poems by Ian Smith

 Brochure as Memento Mori


Former Calulu Post Office it says, High Ceilings.

Lots of Shedding conjures a wry verb.

Verandahs, Porches, twist my heart with love

as artless as these framed angles are artful.

Historic Old Charmer the board blares.

I am up for auction, I jest, but nobody laughs. 




View from an attic window


Fields of frost below, early days of writing,

shucking the duvet on runny nose mornings

to fill pages instead of slouching off to work

quickened me, my dream world manifested.

I didn’t know about nearby Adlestrop station,

had never heard of Edward Thomas’s poem.


Rain on wind protested at the window

of my attic I probably called a garret,

ruffled rooks high above sheltering horses.

A gas heater on castors by my side

like a metallic seeing-eye dog-cum-desk,

collected a pattern of Olympic coffee rings.


I backpacked on after winter toting an archive,

crisscrossing latitude and longitude’s grid,

an urge to arrest smell, sight, sound,

a selfish kind of love like a secret luring me.

Now at ground level I feed a wood stove,

outside, attendant currawongs, different crows.


I squeeze into my navy pea-jacket

worn those years gone, heavy with silence,

the spare button in its silken pocket

to finger-fiddle, conjure past voices,

a high window, a view, a fierce fever,

breath steaming through the strainer of memory.




Something on my mind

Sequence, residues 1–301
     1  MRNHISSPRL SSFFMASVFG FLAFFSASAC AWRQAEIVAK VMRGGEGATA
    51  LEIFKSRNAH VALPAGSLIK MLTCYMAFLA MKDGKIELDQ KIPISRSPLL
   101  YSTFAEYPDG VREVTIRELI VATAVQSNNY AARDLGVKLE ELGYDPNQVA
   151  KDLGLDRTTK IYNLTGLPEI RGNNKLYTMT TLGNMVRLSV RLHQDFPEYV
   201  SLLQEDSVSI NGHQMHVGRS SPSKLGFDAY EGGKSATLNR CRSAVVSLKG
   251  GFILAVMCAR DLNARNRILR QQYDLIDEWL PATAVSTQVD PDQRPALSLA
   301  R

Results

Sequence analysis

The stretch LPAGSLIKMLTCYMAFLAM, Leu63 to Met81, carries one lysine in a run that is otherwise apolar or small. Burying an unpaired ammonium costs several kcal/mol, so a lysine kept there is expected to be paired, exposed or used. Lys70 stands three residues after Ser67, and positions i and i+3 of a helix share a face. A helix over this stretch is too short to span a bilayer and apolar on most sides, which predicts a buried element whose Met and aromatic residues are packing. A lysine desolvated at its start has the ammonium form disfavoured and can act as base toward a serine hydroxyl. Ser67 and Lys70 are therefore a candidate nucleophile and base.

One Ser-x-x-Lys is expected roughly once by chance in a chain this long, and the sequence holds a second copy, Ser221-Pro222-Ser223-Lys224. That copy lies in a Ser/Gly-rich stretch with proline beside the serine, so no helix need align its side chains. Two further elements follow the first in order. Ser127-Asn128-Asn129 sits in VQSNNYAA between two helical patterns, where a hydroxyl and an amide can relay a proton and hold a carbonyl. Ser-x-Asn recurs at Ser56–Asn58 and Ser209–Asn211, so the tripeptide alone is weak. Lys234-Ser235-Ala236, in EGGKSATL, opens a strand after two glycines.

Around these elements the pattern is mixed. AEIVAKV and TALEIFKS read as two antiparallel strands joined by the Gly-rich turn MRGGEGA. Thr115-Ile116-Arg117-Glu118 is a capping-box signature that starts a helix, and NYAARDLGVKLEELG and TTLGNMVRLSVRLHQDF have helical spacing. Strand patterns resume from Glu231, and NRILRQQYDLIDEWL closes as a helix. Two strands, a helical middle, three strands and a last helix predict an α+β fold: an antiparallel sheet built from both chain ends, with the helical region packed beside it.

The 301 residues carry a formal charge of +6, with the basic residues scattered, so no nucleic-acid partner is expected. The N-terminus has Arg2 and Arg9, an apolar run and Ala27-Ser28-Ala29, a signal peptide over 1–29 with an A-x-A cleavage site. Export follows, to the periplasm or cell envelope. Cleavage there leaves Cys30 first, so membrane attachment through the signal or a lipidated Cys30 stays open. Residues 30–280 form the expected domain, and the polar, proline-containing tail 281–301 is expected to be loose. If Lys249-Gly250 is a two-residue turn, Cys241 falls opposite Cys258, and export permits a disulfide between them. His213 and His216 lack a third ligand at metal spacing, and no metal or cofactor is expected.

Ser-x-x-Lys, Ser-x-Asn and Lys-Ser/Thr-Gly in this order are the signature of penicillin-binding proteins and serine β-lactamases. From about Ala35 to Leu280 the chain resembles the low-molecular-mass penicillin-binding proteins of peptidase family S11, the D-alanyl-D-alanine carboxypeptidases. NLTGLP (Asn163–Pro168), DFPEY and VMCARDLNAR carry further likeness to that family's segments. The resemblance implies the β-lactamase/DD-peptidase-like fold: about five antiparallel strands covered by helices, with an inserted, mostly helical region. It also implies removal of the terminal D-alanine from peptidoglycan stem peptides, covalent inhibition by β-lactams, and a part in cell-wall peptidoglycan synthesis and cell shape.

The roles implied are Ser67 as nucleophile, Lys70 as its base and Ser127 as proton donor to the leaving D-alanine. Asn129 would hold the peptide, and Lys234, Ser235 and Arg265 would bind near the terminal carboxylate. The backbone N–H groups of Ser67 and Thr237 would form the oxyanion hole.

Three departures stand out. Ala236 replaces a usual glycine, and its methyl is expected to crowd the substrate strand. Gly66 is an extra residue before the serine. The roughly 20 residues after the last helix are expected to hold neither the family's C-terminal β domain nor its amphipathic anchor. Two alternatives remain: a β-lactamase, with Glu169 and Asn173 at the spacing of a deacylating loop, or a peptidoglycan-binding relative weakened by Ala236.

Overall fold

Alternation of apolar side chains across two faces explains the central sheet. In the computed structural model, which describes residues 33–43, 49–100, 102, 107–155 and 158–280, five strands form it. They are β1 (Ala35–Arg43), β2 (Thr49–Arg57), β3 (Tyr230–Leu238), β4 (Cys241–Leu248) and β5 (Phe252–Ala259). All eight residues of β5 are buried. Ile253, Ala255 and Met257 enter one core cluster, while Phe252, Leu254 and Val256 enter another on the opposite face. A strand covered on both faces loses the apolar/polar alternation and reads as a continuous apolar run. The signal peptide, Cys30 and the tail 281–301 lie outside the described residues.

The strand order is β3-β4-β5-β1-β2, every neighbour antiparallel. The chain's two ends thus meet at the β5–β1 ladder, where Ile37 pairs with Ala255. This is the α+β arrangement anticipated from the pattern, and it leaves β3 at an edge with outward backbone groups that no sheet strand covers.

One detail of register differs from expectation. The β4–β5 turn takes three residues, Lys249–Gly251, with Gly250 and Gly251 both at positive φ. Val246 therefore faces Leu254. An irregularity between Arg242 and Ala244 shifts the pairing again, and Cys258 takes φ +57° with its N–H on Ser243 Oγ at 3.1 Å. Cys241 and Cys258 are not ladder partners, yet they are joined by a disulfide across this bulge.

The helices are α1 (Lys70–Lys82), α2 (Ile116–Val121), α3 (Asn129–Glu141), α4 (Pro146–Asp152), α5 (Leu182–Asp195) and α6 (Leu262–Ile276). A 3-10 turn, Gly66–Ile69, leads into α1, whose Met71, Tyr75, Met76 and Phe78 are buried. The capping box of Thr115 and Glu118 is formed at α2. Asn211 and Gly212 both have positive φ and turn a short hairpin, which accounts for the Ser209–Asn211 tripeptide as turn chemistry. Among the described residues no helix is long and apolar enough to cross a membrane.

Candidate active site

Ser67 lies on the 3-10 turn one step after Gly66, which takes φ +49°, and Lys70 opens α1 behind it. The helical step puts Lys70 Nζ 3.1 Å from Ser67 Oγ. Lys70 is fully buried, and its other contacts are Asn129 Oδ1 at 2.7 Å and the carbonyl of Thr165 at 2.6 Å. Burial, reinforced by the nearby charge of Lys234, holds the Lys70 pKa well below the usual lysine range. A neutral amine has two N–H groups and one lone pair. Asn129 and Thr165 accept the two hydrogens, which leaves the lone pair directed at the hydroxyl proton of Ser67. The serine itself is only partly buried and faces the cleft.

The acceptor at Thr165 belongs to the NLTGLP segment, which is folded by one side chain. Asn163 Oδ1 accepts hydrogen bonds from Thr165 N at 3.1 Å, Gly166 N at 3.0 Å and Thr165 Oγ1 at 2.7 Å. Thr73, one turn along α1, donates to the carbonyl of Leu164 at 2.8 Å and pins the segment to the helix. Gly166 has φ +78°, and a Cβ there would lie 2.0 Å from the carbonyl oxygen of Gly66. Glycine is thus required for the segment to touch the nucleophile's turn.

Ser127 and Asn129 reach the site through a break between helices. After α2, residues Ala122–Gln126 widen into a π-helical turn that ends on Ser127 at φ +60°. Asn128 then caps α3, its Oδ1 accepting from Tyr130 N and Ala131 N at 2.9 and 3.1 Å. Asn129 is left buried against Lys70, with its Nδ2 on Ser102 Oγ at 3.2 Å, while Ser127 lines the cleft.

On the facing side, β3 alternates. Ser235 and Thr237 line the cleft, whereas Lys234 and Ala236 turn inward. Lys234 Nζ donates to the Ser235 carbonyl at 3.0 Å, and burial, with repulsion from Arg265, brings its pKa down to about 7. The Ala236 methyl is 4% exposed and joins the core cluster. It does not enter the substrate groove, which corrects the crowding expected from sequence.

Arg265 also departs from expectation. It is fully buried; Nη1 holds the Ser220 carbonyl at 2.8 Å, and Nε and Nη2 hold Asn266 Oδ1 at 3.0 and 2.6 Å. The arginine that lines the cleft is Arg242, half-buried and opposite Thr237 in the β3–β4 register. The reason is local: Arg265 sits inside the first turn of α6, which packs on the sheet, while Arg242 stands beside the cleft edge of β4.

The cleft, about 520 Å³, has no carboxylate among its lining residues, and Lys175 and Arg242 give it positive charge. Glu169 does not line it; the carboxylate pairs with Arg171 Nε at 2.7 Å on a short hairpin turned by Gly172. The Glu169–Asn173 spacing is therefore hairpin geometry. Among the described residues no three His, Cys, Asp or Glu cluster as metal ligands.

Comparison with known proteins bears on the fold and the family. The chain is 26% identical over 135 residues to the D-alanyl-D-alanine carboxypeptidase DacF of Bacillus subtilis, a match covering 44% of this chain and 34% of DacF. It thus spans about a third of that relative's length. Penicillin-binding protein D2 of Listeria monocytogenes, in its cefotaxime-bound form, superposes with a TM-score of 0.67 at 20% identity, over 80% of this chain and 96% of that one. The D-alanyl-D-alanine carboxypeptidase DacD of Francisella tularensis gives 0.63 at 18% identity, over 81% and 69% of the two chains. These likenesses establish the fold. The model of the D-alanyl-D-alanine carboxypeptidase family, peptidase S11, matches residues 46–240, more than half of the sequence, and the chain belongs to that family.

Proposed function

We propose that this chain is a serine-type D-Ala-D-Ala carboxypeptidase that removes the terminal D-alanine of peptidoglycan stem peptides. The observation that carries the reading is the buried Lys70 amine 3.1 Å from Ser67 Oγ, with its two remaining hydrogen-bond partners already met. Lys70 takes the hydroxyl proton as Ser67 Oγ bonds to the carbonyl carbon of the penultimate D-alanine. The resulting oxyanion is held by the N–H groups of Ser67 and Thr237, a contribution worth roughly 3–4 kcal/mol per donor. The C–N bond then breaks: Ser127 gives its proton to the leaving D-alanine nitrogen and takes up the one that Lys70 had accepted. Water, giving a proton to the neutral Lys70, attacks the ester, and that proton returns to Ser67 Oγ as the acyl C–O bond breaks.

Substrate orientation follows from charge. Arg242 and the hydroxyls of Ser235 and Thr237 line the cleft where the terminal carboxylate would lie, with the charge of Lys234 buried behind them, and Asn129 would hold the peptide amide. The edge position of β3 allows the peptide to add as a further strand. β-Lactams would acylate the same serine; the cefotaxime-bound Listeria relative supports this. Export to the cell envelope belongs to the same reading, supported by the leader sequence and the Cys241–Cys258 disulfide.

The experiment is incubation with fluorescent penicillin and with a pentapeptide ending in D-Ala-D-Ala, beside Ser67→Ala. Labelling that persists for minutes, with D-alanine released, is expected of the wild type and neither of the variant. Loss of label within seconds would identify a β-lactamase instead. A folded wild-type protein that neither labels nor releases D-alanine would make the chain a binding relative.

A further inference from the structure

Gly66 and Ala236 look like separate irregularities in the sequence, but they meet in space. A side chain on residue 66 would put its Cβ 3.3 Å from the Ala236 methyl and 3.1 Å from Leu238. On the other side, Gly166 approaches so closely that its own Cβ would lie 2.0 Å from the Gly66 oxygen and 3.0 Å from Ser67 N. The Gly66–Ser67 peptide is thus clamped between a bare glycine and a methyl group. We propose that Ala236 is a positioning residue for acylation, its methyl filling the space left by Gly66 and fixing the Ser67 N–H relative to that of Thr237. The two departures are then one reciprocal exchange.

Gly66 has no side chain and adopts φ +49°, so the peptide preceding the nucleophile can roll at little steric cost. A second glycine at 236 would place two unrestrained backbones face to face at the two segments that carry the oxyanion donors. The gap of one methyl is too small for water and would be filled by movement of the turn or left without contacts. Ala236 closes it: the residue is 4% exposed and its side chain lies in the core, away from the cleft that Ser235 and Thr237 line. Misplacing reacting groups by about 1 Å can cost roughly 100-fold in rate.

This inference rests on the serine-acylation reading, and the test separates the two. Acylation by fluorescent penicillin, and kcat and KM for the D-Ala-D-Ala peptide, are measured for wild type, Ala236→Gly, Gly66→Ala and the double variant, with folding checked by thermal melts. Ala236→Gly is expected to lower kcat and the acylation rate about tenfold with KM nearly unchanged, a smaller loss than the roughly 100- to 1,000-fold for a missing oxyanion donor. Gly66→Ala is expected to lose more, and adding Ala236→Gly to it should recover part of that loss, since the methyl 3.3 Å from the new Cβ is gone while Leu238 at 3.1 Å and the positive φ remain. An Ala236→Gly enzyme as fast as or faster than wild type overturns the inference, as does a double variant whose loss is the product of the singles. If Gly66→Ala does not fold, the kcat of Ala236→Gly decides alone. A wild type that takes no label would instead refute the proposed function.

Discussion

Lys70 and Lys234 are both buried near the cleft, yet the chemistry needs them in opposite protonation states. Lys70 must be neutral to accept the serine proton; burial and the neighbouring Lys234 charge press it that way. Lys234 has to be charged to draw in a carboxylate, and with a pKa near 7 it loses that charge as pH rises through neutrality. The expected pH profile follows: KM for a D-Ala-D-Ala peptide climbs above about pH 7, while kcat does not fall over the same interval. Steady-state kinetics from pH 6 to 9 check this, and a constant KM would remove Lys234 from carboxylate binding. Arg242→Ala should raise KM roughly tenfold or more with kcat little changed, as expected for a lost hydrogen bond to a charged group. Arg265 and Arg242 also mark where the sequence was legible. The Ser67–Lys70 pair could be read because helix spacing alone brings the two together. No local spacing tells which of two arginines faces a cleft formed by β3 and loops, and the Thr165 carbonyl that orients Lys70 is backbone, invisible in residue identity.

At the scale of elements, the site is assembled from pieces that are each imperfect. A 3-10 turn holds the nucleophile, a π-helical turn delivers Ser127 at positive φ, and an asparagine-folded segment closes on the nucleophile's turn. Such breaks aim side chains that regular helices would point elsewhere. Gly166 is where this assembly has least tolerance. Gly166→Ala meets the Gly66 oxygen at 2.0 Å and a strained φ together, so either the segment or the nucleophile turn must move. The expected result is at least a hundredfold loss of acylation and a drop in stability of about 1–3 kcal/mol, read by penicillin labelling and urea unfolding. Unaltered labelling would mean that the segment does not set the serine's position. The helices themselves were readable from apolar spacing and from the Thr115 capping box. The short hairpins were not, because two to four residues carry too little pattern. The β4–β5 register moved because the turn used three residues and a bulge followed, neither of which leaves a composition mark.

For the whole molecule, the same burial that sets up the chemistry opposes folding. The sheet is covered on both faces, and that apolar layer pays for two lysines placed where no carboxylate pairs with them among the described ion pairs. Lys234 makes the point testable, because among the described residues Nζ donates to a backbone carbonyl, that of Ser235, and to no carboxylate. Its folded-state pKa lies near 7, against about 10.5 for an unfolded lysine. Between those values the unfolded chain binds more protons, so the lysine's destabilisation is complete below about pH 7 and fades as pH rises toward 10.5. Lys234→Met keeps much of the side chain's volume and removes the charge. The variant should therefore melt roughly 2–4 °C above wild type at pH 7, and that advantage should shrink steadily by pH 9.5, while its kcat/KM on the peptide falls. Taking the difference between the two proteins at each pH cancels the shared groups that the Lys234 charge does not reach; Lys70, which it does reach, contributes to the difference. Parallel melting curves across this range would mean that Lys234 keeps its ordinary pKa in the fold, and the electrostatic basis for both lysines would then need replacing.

Karen Dalton singing on You Tube is like a drug.

Her throaty voice grabs me by the throat

the way a tolling bell might summon me.

To what?  Something left?  The churning past?


I have flexed scornful wit on pop music.

Now this song evokes old iron bridges,

crossing them slowly, sultry light flickering,

especially its start, that plaintive Yesterday.


I want to rush back, keep her above ground,

save Karen headed for dead-set trouble

even as she pours out a wounded life,

save myself this heartaching regret.




Looking Back on Anger


I never saw the ending of Look Back in Anger.

Engrossed in the film of John Osborne’s play

which I hadn’t seen, nor yet theatres from inside,

I watched on TV in hospital until lights out.

Left hanging, I objected but it was no use.

Protesting, a trait of mine, always led to scenes.


Ah, films of plays, relationships in settings.

My earliest memories of soot-laden suburbia,

the bricked-up arches of dubious gentility,

flooded my senses from camera angles as I saw

the places that described me though I now know

it was the angry dialogue’s echo effect.


Do we need to know how stories of others end

because we are stuck with our own, mine a time

of exhaust fumes filling the bus terminus,

of coupons, football scores, not enough money,

of a damaged family stuck in life’s labyrinth,

stained after surviving the chaos of war?


Shall I ever see the finale of Jimmy Porter’s anger?

Despite so many old films on late-night TV

transporting those of us whose dreams jangle,

that black-and-white film eludes me, never listed.

Was his degree rewarded with a satisfying job?

Did he emigrate, re-marry, write, calm down?


poems by Ian Smith

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